On stage today at Computex in Taipei, Intel not only unveiled its high-end ‘Extreme’ edition Core X series processors. The leading chipmaker has also dropped some surprising info about its upcoming eighth-generation ‘Coffee Lake’ processors, which would be used in most personal computers.
Gregory Bryant, corporate VP and GM of Intel’s Client Computing Group not only talked about the robust capabilities of the Core i9 processor but also reassured the gathering that their upcoming mass-focused processors were on track for a release later this very year.
He further proceeded to dispense some significant info about the upcoming lineup, which would’ve surely gotten everyone surprised. While we expected Intel’s 8th-generation chips to continue to exhibit a 15 percent boost in performance over its predecessors but Bryant said:
We will have more to say about the eighth-gen Intel Core processor in the future but it’s exciting to share that in the latest testing we’re seeing a performance improvement of more than 30 percent over the seventh-gen Intel Core processor.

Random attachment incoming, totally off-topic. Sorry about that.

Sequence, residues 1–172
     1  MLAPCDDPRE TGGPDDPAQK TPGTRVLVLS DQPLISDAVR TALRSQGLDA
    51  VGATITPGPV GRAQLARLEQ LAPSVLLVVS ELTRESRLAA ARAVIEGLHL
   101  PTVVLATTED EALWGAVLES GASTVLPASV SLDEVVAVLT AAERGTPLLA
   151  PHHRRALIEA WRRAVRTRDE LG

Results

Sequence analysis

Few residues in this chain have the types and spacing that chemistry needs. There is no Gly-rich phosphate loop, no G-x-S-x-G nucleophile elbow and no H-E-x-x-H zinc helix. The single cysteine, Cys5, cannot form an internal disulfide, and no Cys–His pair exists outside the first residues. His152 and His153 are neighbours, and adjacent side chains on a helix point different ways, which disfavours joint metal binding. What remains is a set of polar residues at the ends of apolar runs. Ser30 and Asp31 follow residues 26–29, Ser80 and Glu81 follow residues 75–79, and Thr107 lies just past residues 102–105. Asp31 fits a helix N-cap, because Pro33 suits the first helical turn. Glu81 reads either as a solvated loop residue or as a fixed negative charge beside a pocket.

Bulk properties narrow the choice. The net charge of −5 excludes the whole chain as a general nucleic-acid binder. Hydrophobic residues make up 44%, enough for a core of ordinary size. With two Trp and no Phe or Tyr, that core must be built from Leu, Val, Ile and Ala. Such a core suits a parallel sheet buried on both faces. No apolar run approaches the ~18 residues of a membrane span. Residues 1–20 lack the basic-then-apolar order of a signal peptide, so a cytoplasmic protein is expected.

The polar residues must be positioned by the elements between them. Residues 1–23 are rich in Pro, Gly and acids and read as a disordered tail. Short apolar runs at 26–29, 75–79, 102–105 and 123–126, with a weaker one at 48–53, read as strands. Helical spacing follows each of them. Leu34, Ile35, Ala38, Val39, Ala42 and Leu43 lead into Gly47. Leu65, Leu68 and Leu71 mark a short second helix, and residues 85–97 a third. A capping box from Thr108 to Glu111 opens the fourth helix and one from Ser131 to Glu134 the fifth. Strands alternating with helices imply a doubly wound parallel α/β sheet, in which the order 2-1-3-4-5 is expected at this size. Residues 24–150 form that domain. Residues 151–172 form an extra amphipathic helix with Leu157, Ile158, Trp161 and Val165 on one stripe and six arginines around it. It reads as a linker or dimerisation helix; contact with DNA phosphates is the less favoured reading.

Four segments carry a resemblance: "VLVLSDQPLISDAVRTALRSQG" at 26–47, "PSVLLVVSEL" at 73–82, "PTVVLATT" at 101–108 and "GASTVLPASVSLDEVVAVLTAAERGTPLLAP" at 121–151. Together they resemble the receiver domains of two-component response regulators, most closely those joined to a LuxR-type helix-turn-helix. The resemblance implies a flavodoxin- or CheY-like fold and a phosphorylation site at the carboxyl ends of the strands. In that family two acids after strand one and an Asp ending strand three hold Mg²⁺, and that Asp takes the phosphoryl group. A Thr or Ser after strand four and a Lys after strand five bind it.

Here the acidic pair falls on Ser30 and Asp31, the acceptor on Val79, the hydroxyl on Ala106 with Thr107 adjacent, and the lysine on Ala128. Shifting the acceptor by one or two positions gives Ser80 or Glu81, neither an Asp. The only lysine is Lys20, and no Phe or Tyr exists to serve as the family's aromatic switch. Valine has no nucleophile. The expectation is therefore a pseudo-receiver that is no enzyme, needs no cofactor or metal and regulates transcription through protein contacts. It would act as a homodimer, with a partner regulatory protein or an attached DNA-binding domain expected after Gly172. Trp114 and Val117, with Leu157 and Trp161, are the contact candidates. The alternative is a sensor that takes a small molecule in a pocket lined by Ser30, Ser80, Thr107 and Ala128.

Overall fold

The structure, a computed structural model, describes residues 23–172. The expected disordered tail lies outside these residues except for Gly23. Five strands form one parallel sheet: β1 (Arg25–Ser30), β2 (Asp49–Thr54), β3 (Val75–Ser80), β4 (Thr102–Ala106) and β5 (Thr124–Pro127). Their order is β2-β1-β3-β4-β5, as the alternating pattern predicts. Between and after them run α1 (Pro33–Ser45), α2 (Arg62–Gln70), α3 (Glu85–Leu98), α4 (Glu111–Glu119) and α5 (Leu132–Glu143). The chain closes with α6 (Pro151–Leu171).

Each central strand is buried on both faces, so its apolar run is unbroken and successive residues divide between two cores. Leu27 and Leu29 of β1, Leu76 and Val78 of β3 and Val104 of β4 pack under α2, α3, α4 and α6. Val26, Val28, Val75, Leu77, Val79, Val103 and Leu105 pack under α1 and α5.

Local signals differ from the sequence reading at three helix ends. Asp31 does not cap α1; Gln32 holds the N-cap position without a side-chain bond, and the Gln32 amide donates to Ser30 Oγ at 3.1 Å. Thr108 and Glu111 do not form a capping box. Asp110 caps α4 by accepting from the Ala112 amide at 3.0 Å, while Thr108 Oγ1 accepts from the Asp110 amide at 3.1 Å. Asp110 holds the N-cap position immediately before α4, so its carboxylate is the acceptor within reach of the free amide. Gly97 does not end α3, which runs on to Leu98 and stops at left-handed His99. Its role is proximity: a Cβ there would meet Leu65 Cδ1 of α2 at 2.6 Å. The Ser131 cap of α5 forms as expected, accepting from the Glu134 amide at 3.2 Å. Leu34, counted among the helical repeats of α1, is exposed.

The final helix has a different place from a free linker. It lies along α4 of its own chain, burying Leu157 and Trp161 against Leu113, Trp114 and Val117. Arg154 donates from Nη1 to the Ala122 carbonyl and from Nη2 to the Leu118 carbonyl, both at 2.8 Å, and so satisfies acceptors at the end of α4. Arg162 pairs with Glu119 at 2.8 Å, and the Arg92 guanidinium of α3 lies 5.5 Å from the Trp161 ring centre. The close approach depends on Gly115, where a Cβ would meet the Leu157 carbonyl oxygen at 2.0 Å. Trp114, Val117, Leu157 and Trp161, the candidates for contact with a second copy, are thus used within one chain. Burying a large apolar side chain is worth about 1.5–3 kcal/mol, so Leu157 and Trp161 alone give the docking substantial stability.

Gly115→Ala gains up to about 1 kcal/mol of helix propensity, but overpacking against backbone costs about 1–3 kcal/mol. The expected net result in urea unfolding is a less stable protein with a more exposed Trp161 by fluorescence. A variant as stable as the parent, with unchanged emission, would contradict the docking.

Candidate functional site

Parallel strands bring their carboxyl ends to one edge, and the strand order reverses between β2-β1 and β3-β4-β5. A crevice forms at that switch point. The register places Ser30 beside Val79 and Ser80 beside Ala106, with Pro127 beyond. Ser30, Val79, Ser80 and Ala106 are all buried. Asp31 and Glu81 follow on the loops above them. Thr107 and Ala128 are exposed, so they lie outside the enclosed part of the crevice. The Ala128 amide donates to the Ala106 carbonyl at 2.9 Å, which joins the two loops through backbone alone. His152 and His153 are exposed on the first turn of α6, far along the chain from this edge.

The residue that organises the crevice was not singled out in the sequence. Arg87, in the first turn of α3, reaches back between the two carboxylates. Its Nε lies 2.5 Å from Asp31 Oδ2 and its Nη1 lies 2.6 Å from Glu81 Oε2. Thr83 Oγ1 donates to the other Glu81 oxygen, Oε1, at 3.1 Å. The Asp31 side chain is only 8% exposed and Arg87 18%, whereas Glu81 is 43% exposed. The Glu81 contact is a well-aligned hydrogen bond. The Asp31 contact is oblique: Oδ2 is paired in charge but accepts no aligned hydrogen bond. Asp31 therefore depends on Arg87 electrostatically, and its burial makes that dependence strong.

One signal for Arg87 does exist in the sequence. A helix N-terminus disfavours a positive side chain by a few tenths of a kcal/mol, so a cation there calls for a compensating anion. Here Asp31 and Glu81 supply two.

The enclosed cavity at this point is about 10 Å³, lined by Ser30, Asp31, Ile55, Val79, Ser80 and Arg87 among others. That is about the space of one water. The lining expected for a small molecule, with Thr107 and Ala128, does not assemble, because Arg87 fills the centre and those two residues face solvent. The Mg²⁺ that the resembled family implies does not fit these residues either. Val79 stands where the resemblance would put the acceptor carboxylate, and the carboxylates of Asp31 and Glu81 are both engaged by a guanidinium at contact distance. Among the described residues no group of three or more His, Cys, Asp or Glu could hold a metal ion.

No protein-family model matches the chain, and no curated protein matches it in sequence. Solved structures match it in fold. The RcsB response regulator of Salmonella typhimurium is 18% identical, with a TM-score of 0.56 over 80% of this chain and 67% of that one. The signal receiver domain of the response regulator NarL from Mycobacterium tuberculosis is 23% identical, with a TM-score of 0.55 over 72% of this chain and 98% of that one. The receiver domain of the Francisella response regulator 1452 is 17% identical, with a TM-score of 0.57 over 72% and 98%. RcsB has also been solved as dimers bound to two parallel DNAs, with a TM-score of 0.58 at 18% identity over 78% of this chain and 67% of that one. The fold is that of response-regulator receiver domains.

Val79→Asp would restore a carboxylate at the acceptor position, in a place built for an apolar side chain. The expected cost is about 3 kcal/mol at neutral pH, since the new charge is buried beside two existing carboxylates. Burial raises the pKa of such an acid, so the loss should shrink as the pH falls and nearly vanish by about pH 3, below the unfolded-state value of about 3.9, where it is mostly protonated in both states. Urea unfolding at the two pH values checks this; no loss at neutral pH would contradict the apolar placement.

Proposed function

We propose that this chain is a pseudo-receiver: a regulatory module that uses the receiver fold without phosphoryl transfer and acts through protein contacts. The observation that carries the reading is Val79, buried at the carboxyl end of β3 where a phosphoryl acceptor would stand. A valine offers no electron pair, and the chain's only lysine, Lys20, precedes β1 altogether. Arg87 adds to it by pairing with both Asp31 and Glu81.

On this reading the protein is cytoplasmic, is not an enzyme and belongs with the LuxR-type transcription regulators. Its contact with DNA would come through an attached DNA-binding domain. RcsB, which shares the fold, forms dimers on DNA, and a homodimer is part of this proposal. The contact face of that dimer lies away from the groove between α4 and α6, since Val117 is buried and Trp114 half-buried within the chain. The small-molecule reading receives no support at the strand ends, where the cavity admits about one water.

Though it may sound like an impressive improvement, we need to take into account the fact that it’s a theoretical reading based on Sysmark benchmark tests. The test results, as spotted by experts, show that an unspecified and unnamed processor is being tested against the i7-7500U chip that can be turbo clocked up to 3.5GHz. The unnamed chip has a turbo clock speed of 4GHz and doubles the number of cores and threads (i7-7500U had two cores and four threads).
The American chipmaker did not divulge any more details about the upcoming processors on stage at Computex. The 8th-gen chips will yet again be based on the same 14-nanometer architecture and unveiled by the end of this year, that’s certain. We’ll now have to wait out a lengthy period to exactly understand the add-on feature support coming to Intel’s newest platform.